Lettuce is best enjoyed fresh, so it is not recommended to freeze.
How to Prepare
The method for preparing lettuce is similar for all varieties except for iceberg.
If you already separated and washed your leaves prior to storing, you’re ready to use the lettuce in any recipe. If not, you will need to prepare the lettuce by tearing the leaves from the stem and/or removing the core (depending on the type) to separate the leaves.
Wash leaves thoroughly in cold water to remove any dirt. Use a salad spinner to remove all water or use a clean dishcloth to blot the leaves dry.
Use a knife or tear the leaves into whatever size desired. It is recommended that you cut or tear the leaves into their desired size just prior to use. Some advocate that tearing or cutting it with a plastic lettuce knife will help to prevent browning on the edges, but not everyone agrees that this is reliable; generally cut or torn lettuce will brown faster than full leaves.
- Prep your lettuce when you get it home so it is convenient to eat!
- Elevate your regular salad! Try mixing several types of lettuce and leafy greens together
- Make stacked salads with dressing on the bottom and greens on the top for an easy on-the-go salad!
- If you ever get overwhelmed by the amount of greens you have, rethink the way you approach eating veggies! Instead of eating a head of lettuce all at once, eat 3-4 leaves at a time for sandwiches, or enjoy small salads over several days.
- You can use a salad spinner to wash your greens. Fill the mesh bowl with salad and wash the greens right in with the salad spinner. Spin to swish around a couple times, and pour out. It’s smaller than your sink and you may also save some water in the process.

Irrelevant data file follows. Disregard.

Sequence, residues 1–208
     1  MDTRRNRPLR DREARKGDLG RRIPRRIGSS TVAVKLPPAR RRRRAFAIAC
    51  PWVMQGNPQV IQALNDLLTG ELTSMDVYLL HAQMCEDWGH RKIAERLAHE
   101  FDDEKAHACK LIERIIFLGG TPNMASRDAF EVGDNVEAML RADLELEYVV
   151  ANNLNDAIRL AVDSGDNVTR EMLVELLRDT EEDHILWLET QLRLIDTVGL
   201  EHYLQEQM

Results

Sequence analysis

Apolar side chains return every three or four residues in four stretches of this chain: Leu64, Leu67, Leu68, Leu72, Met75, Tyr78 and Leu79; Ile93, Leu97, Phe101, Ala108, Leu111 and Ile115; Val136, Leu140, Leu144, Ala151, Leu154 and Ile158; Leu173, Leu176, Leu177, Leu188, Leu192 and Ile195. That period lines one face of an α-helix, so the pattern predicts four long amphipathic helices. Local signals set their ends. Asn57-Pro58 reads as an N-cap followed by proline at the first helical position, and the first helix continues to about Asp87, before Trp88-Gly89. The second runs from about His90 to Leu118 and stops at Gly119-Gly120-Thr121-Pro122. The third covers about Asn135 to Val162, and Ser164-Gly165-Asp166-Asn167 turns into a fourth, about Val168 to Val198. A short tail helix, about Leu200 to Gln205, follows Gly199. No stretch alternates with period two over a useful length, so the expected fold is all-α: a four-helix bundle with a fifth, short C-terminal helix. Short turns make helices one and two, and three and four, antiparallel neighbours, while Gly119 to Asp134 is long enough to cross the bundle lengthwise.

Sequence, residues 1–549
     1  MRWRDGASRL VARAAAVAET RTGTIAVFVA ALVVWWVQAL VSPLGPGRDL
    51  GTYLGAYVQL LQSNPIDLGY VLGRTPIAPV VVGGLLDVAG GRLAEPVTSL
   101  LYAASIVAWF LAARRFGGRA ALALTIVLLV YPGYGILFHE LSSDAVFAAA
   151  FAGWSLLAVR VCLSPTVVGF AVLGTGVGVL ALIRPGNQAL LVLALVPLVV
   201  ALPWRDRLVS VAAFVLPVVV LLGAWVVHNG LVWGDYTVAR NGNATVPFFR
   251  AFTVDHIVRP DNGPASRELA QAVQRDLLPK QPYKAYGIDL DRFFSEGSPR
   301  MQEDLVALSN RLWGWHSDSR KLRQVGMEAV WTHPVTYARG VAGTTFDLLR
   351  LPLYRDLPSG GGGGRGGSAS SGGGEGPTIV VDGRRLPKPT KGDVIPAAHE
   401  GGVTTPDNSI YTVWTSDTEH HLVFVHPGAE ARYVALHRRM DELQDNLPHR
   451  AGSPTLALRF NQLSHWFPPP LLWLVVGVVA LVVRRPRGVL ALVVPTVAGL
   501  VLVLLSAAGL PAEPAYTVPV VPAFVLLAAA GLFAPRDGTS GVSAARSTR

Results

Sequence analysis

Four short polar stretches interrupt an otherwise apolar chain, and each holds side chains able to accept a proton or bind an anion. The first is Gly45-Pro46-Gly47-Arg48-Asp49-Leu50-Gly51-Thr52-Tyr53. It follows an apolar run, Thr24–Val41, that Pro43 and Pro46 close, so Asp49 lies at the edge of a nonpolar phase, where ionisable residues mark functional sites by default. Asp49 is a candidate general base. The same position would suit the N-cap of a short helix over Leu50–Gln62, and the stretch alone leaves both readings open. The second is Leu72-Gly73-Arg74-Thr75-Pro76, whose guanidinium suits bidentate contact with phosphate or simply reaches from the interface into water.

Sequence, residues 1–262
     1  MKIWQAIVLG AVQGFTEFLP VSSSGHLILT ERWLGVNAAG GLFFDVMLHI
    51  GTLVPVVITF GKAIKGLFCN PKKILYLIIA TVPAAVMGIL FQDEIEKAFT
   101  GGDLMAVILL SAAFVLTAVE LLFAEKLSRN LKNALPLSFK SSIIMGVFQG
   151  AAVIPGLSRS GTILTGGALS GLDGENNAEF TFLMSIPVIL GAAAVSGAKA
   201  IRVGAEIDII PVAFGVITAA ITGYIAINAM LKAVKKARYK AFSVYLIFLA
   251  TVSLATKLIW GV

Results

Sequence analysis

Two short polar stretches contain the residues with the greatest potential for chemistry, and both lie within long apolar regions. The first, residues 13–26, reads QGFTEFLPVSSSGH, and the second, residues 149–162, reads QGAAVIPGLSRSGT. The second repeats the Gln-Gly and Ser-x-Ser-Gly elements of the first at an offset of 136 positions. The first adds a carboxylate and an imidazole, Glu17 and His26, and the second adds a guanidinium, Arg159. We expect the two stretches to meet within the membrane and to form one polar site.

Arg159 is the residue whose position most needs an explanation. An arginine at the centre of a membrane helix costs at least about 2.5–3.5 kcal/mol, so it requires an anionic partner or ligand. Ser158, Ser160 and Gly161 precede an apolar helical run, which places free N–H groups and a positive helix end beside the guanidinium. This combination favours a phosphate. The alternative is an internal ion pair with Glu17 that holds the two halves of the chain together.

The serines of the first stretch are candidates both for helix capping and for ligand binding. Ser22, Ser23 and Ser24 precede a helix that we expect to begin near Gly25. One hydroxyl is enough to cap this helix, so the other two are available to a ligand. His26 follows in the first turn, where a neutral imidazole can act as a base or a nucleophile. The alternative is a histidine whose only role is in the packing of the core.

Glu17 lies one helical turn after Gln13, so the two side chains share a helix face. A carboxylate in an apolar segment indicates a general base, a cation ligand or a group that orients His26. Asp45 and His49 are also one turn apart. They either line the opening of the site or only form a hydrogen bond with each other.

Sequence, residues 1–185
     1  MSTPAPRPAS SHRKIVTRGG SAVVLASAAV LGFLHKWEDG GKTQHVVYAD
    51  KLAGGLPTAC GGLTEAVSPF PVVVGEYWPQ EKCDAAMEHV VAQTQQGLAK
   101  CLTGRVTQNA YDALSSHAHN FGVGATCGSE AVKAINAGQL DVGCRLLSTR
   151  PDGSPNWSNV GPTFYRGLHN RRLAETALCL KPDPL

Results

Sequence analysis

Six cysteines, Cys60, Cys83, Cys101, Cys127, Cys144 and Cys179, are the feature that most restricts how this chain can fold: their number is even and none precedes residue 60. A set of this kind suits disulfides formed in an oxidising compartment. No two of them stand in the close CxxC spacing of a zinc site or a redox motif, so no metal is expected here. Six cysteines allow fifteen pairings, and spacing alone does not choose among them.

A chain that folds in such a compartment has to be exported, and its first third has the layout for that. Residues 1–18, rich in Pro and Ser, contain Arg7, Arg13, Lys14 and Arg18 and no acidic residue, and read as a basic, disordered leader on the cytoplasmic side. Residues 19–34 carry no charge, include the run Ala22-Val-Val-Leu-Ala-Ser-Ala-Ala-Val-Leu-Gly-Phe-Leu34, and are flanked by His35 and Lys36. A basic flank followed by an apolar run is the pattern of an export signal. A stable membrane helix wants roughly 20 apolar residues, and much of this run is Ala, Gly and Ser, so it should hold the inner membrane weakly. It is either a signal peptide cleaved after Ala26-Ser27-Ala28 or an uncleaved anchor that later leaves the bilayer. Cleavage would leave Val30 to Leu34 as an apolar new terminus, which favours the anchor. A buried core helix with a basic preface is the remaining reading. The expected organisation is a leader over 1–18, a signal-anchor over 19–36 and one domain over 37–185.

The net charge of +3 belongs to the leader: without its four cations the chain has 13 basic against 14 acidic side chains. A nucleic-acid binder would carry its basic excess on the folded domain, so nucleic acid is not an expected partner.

- To revitalize limp lettuce, fill a large bowl or clean sink with ice water and soak your lettuce until it looks crisp. This may take 20 to 30 minutes.
Lettuce Goes Well With
Herbs, Spices & Sauces: Dijon mustard, parsley, mint, chives, oregano, pepper, olive oil, balsamic/red wine vinegar, salad dressings (Ranch, French, Russian, Italian, Greek, etc.) salt, pepper
Produce: carrots, bell peppers, cucumbers, tomatoes, avocado, corn, beets, onion, cabbage, olives, strawberries, blueberries, blackberries, raspberries, dried cranberries/raisins, apple, pear, orange, watermelon
Savoury: eggs, prosciutto, nuts, seeds, pulses (like chickpeas), chicken, turkey, beef, pork, bacon, tofu, fish
Dairy: feta, Parmesan, blue cheese, goat cheese, cheddar, mozzarella, Swiss, marble, Stilton, Gorgonzola
Create a restaurant experience at home! Prepare one whole iceberg lettuce by removing the outer layers and removing the core. Cut into four or six wedges and place on a salad plate. Top with a blue cheese dressing and a crumble of blue cheese and chopped walnuts. Simple, elegant and delicious! If you don’t think you can finish off a whole wedge salad, try making these adorable mini ones from Damn Delicious!
You don’t have to limit yourself to salads. Why not try enjoying your lettuce greens in new and exciting ways?
Try this recipe for Lettuce Wraps to show off the delicate flavour and creamy texture of Boston leaf lettuce. Or make a few lettuce boats with romaine for an eye-catching appetizer at your next party.
Even though we shared different varieties of lettuce this week, we’re featuring the nutrition of romaine lettuce, since it’s such a nutritional powerhouse! According to the Canadian Nutrient File, 100 g of romaine lettuce contains a great number of your daily-recommended intake of nutrients: 130% of vitamin A, 127% of vitamin K, 40% of vitamin C, 8% of fibre (2.1 g), 7% of iron, 7% of potassium, 5% of magnesium, and 2312 µg of the antioxidants lutein and zeaxanthin. Talk about healthy!